Resistors For Serial Communication

I am trying to learn more about Arduino. I heard in almost all cases I should use a pull up or pull down resistor for serial communication. It helps with serial communication. Is this true?

By pull up resistor, I mean placing a resistor (typically 10 ohm) between the power and serial communication. By pull down resistor, I mean placing a resistor, typically 10 ohm, between ground the serial communication. When should I use pull up or pull down; when would this work? Is it typically 10 ohms based on the number of volts arduino can handle?

Not sure why this comes under programming ;)

For serial communications using UART it is not usually necessary to use pull-up/down resistors. The reason for pull-up resistors is that when a line is not being driven specifically high or low the line is floating, just picking up the electrical noise in the environment. In these cases you would get spurious signals from your connection, so a pull-up/down resistor is added. Someone might put a pull-up resistor on a UART line as this causes the line state to default to HIGH (which is what UART defines for an idle line). This is unnecessary for most cases though, if the transmit is on and initialised the device should be holding the Tx line HIGH. If you are designing a system where you are unlikely to have your UART bus connected at start-up then it might be a good idea to put on a pull up resistor on the Rx line just in case.

Pull-up/down resistors are usually in the range of 10 kOhm not 10 Ohm.

Thanks. Sorry if I posted this in the wrong forum- not sure how to move it. Would it hurt anything to put on a 10k pull up resistor or pull down resistor? Let's say that the system was communicating fine- could it cause an issue?

jjrr007: Let's say that the system was communicating fine- could it cause an issue?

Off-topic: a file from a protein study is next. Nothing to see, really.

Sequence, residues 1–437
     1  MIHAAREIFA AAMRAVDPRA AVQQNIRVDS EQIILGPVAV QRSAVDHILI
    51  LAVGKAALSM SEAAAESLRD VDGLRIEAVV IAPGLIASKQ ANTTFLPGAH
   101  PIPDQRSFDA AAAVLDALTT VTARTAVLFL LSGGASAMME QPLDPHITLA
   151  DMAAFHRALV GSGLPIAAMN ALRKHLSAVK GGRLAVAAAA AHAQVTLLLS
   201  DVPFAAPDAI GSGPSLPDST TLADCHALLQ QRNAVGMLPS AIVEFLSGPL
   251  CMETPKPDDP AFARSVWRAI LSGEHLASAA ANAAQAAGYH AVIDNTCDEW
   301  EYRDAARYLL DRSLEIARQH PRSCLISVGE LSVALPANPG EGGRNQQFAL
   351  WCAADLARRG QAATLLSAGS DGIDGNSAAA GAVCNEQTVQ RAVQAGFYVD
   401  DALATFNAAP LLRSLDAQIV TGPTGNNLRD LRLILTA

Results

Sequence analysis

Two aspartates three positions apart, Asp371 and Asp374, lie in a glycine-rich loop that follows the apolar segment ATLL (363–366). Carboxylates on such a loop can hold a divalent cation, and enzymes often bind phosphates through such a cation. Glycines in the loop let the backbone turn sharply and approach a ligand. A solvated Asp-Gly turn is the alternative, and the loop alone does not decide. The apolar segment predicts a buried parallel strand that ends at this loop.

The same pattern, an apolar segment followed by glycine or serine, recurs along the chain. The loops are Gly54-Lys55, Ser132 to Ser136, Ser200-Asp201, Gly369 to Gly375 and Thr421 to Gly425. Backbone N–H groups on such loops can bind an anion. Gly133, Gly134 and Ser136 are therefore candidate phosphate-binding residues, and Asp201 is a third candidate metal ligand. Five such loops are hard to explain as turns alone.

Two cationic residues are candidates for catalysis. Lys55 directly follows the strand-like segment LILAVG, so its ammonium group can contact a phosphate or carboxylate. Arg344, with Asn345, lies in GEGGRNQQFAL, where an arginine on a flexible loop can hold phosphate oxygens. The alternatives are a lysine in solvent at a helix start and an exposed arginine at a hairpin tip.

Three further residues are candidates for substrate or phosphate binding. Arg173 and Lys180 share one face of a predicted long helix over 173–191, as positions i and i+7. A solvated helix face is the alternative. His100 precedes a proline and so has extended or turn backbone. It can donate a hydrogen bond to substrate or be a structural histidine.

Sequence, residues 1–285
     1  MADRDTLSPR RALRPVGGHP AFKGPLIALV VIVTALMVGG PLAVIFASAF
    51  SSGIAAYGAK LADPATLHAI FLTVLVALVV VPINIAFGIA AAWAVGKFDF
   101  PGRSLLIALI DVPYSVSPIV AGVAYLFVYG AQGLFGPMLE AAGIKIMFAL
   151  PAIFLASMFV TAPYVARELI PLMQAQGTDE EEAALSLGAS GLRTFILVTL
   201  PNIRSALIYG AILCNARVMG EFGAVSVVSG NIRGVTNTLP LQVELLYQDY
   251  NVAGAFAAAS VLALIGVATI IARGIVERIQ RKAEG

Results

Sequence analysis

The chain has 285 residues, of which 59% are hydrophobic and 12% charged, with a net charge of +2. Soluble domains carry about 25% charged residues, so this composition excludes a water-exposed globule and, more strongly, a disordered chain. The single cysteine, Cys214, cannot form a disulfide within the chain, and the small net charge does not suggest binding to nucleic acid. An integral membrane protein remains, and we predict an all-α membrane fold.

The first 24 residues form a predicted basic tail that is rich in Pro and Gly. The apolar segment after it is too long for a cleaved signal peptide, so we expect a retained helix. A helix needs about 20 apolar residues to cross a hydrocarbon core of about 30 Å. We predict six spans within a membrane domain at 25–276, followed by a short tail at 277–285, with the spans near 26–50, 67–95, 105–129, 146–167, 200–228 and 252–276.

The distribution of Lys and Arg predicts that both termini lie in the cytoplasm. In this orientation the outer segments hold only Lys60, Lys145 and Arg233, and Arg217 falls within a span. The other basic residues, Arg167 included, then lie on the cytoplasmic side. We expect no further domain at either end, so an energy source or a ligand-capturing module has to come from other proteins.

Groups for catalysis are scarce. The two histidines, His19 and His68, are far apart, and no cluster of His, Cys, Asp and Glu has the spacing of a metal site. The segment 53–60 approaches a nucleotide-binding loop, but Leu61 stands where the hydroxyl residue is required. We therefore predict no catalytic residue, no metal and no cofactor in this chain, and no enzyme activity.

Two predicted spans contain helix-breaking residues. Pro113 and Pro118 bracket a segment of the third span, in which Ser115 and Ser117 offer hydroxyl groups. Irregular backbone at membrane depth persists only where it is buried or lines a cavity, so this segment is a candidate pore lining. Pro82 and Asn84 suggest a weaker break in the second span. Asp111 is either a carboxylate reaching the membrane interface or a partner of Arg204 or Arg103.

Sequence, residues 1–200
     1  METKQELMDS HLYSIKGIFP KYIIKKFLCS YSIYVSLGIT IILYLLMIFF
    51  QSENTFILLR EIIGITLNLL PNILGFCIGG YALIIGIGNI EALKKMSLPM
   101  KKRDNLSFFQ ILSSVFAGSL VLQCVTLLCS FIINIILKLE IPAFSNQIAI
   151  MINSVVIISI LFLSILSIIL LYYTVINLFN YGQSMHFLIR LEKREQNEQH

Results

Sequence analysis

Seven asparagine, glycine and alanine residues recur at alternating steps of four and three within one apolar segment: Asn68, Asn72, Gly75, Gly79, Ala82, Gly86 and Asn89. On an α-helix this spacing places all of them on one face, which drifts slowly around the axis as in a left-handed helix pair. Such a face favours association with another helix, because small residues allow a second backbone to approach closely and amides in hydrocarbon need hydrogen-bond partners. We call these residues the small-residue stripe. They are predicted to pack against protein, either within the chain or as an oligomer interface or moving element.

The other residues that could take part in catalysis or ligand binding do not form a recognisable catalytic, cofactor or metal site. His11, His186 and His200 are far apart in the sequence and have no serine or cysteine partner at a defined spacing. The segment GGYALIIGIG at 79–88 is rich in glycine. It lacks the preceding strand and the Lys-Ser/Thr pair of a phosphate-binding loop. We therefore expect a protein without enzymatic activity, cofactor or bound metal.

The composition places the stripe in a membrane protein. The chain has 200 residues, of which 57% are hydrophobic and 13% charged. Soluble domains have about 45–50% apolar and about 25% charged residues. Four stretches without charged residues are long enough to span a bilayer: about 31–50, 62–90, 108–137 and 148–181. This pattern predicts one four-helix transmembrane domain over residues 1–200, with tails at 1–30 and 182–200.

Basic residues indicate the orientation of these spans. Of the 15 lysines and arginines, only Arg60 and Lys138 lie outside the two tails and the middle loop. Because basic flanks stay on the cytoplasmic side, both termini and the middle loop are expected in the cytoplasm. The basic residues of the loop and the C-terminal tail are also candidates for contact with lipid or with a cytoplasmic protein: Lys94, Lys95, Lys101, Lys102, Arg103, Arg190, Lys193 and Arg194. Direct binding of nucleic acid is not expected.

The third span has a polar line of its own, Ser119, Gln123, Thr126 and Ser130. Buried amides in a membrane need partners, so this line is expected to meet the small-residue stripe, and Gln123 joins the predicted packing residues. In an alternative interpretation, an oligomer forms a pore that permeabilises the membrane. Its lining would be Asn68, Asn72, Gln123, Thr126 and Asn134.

Why fix it when it's not broken?

The higher the resistance the slower any capacitive charge in your wire will discharge through the resistor. At the same time the lower the resistance the faster the discharge, but also the more current gets drawn, wasting power. Overall it's a balance between these two factors, but as codlink says, Why fix it when it's not broken? If you don't have problems then you don't need to add more complexity to your circuit. I doubt you'll find many UART systems that have pull up resistors on, there's just no need.

Thanks for the replies. Good question. I would add a resistor on a working serial connection to increase reliability is my thought. Based on the earlier post, a pull up resistor can help ensure that the line is high like the "default high" . I have noticed that some hall effect sensors need it (i.e.http://www.seeedstudio.com/wiki/index.php?title=G1/2_Water_Flow_sensor) and some equipment could be hard to service in remote locations.

You are saying there is only a battery impact to adding it and it can help improve things. Is that right? Would it make a working serial connection more reliable to use a 10 K ohm pull up resistor? Which is better for making something reliable- pull up or down for reliability?